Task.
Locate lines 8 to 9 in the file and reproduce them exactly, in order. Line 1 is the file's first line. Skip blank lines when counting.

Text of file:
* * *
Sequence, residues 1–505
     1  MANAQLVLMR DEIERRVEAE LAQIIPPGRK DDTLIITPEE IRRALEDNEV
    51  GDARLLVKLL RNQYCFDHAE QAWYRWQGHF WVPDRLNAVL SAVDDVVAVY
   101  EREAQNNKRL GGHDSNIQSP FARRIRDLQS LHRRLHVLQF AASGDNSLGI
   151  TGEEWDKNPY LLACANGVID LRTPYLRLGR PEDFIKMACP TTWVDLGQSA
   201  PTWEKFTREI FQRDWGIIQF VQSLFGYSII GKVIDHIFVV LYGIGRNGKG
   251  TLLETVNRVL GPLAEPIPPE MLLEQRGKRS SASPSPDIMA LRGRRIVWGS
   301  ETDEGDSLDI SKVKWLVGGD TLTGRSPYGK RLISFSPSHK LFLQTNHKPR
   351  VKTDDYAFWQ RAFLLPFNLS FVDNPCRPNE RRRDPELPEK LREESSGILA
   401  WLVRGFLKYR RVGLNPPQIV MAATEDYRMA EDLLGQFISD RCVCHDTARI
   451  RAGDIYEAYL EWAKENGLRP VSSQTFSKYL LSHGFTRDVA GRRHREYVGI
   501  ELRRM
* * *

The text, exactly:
   301  ETDEGDSLDI SKVKWLVGGD TLTGRSPYGK RLISFSPSHK LFLQTNHKPR
   351  VKTDDYAFWQ RAFLLPFNLS FVDNPCRPNE RRRDPELPEK LREESSGILA